Why read. You can use your small stipend of time allotted to you on Earth for other things like going mind-numb in front of the TV; playing video games; diddling on your iPhone or iPad or computer, or making yourself depressed with social media…which is all too often the kinds of things we do with any extra time.
However, if you are spending your non-reading time gardening; hiking, walking or otherwise moving more; playing an instrument; journaling, writing poetry, a blog, or an actual letter; organizing; cooking nutritious food; working a crossword or jigsaw puzzle; or otherwise productive activities, I say thumbs up and go for it.
Some compelling reasons to read: It stimulates your mind; it is a great source of any kind of information you could dream of; it is entertaining; it can provide adventure, intrigue, humor; it is inexpensive (or free if you use the library or borrow responsibly from friends); it can transport you into different time periods, different places in the world, different cultures; it gets those brain neurons firing; it makes you more of an interesting person; it is relaxing; it can inspire; it improves trivia games skills; and it gives you things to talk about at parties. I maintain that reading can improve health in a variety of ways.
This year, 2017, I read, along with the Bible of course, about 23 entire books and quite a few partial ones. In 2018 I am going to shoot for 50 books. Motivational businessman guru Jim Rohn has stated that if you read just 30 pages a day, then you can read on average about a book a week. Hearing that not only challenged me to read more, but made it sound more doable to me, well, as long as some time-waster surgery is done. Refer back to paragraph one.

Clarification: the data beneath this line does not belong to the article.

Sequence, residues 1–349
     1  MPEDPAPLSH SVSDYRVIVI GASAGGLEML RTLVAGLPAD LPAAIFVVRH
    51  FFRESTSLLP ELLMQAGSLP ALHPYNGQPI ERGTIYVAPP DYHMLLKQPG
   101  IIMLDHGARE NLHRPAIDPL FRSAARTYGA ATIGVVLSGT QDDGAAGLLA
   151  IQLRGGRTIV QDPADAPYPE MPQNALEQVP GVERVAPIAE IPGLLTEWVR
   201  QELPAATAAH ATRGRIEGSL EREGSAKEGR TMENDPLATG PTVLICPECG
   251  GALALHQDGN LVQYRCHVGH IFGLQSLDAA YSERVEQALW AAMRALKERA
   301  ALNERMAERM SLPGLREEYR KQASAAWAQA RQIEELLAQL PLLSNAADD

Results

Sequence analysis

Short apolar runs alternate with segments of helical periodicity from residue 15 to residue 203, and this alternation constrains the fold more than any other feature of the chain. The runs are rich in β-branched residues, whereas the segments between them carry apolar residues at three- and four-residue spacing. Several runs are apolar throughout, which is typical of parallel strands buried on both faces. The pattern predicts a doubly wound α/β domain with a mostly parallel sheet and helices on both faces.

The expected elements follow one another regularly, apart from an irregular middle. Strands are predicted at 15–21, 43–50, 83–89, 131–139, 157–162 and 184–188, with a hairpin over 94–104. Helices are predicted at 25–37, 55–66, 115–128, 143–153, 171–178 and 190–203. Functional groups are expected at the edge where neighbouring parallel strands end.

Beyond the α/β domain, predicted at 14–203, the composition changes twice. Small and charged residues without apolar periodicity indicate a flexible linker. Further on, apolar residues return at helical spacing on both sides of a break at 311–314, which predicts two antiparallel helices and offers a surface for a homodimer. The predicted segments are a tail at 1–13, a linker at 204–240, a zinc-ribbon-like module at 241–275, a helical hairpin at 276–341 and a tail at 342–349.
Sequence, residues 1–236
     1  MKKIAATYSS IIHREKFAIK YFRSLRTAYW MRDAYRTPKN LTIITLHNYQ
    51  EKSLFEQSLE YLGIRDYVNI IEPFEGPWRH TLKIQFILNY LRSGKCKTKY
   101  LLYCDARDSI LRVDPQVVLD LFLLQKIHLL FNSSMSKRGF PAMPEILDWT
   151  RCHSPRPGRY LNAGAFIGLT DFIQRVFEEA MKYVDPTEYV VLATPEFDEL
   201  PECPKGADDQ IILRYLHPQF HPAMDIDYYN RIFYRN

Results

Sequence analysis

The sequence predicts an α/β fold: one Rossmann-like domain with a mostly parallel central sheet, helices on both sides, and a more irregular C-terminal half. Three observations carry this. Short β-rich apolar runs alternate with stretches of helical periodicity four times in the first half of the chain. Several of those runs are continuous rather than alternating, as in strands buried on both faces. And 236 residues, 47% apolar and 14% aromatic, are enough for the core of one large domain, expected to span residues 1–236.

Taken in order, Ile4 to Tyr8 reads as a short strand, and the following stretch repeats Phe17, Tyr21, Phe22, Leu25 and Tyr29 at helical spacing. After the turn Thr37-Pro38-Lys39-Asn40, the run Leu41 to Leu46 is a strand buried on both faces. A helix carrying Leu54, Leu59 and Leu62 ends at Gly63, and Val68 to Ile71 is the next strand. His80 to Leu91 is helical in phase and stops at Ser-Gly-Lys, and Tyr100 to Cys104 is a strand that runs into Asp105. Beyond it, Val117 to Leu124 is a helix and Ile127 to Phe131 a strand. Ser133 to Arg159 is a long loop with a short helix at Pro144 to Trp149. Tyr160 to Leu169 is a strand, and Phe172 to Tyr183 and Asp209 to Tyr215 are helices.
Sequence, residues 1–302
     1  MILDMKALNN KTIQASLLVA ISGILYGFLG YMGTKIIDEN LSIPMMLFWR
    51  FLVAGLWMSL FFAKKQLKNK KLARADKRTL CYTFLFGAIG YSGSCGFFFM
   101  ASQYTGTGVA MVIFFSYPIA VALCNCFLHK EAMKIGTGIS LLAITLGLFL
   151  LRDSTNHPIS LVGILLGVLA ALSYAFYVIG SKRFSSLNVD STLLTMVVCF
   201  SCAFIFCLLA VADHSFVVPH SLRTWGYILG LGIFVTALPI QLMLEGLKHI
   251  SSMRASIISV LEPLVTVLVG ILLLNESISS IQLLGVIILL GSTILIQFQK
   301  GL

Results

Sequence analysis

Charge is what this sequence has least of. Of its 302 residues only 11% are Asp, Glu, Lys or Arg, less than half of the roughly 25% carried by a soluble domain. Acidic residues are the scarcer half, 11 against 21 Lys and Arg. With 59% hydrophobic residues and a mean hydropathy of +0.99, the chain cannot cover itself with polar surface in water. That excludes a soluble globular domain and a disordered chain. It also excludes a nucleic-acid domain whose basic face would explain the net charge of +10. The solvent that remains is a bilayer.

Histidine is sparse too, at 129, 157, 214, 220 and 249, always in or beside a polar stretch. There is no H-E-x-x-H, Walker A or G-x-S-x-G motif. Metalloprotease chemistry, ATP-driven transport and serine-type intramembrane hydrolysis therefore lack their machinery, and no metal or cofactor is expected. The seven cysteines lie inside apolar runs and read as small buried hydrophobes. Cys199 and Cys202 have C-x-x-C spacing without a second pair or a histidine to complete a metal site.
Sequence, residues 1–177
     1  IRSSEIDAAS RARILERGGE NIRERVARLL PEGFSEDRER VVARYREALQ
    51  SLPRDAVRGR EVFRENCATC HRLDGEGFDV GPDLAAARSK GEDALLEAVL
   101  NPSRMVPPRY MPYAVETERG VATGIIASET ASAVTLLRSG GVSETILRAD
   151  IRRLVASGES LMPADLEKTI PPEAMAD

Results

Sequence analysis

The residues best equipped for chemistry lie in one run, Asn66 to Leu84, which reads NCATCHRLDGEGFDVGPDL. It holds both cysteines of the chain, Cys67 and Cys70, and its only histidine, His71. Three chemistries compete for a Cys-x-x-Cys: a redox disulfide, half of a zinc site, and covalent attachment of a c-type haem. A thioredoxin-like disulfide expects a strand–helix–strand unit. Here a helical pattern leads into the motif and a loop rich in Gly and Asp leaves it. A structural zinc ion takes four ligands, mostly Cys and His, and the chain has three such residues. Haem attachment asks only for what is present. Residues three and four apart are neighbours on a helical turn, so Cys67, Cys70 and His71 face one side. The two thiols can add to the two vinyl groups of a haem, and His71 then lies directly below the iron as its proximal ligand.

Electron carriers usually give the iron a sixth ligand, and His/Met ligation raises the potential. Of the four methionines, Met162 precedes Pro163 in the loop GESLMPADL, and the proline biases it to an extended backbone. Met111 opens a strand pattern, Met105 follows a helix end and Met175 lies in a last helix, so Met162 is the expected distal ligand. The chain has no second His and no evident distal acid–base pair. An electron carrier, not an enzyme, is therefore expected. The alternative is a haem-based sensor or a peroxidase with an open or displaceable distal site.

My next post scheduled for January 1, Reading Challenge for 2018 – Part 2, will contain my compelling, proposed reading category list to help you become a more interesting, balanced, well-rounded person that I would want to sit next to at a dinner party.
Also, check out Reading Challenge for 2018 – Part 3, which has some great specific book recommendations that I obtained from friends, family, and coworkers.
5 thoughts on “Reading Challenge for 2018 – Part 1”
Can’t wait to see your list! When I read prominent people’s blogs (most recently Philip Yancey), I love it when they have a page about their favorite books or those that have been formative. It tells one a lot about the person, and I usually get new book ideas for myself.
Audrey, Part 2 will have 52 categories, then Part 3 will have recommendations for specific books.
BTW, I am asking various people to share 1-3 of their favorite or most influential books that they read in 2017, so I would love to hear yours.